Signs Signs Everywhere a Sign
September 16, 2015 9:43 PM   Subscribe

To celebrate the 50th Anniversary of the launch of the "British Road Sign Project" to standardize the 'chaotic and confusing' signage that existed on British motorways*, London's Design Museum and the Made North Gallery recruited leading artists and designers to transform the familiar circle, triangle and square signs... in ways that are often anything BUT standardized, but sometimes eerily familiar.
*resulting in many designs that are now considered standard well beyond the British Isles
posted by oneswellfoop (7 comments total) 14 users marked this as a favorite
My favorite (via jessamyn)
posted by not_on_display at 9:59 PM on September 16, 2015 [1 favorite]

Yes, one of those signs has J.G. Ballard quotes on it.
posted by oneswellfoop at 11:05 PM on September 16, 2015

I find it interesting to note that the standardization efforts in the UK were just one many which were happening concurrently in different countries around the same time. Look at this list of public transportation typefaces for example - representing the UK we have Transport and Motorway, in Norway we have Frutiger, in the United states there is Highway Gothic. All of these achieve the strange combination of being obscure to the general public - and immediately evocative of a particular place. Those countries which did not develop their own signage system have often adopted one of the more widespread standards - and this can reveal a lot about the relationship between adopter and adoptee.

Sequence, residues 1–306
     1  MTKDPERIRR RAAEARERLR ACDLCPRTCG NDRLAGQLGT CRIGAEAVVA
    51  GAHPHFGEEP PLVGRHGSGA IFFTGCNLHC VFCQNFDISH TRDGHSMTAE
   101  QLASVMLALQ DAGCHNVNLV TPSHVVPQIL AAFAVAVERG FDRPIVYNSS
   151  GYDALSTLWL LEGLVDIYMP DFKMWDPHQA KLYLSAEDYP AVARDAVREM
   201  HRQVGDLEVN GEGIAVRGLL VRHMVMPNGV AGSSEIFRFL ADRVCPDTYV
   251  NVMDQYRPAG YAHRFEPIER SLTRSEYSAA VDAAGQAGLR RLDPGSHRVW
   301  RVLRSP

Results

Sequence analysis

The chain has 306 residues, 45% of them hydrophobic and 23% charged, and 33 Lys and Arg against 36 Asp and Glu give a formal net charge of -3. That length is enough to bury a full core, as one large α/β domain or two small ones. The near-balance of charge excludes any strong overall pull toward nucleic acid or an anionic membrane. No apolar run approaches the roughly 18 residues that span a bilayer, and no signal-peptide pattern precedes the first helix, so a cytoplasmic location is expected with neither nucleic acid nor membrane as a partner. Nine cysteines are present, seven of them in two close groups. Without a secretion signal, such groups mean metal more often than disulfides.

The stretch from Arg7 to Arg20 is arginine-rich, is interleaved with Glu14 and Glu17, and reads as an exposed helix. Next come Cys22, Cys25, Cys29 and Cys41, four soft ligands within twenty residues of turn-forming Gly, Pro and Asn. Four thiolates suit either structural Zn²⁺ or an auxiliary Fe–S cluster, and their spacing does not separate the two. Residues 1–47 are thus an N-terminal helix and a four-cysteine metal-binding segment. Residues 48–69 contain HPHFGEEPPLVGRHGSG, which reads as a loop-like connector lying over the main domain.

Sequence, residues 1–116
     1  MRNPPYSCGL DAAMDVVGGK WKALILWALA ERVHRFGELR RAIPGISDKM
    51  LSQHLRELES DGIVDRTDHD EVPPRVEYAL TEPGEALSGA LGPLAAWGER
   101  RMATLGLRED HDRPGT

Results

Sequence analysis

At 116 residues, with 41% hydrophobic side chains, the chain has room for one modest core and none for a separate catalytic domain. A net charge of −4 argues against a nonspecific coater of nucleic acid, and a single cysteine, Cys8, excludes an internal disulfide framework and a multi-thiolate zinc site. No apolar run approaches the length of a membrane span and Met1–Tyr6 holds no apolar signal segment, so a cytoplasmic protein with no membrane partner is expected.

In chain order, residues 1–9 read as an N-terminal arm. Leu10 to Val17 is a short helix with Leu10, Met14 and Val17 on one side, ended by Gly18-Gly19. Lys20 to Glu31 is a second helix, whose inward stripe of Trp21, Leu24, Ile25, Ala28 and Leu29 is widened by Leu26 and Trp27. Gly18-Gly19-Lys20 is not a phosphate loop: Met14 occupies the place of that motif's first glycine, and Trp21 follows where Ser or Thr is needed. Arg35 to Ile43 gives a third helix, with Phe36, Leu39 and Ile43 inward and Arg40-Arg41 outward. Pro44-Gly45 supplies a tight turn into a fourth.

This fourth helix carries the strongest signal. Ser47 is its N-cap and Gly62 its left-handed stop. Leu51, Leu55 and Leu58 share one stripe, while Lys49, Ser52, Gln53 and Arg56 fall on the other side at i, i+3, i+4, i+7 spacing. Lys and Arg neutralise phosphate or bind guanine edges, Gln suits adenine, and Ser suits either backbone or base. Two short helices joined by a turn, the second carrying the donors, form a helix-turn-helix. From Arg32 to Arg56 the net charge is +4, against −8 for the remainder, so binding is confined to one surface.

posted by rongorongo at 12:06 AM on September 17, 2015 [4 favorites]

Thanks for these links, oneswellfoop. There are some interesting details in Margaret Calvert’s essay at the same site:
Sir Colin Anderson […] approached Jock on behalf of the Committee, with a completely open brief, apart from the request to use white lowercase lettering on a blue background, in line with Germany. (Sir Hugh Casson, Chairman of the Fine Arts Commission, had a strong preference for green – ‘as dark as old dinner jackets’ – and it became the ultimate choice for primary ‘A’ routes).
Jock received the following letter from Sir Colin: ‘I am anxious you shouldn’t embark upon inventing an alphabet of a character quite “new”. We have, as a committee, got into the habit of accepting the general weight and appearance of the German alphabet as being the sort of thing we need! […] A request which we chose to ignore – believing that the German Sans serif (designed by an engineer), although demonstrably effective, would not sit well in the English landscape.
posted by misteraitch at 2:32 AM on September 17, 2015

Kinneir and Calvert went on to do the British Rail rebranding, including developing Rail Alphabet, the typeface used on British Rail signage (and also NHS hospital signage); Denmark ended up using it on their rail signage as well. There is a commercial version, which is rather expensive given that the typeface family is all but indistinguishable from Helvetica (the main difference is a slightly higher X-height, IIRC).
posted by acb at 3:39 AM on September 17, 2015

We didn't fight a war in order to have bloody German typefaces goose-stepping across our green and pleasant land, thank you very much.
posted by Segundus at 5:46 AM on September 17, 2015 [3 favorites]

in the United states there is Highway Gothic.

My favorite genre fiction.
posted by traveler_ at 5:36 PM on September 17, 2015

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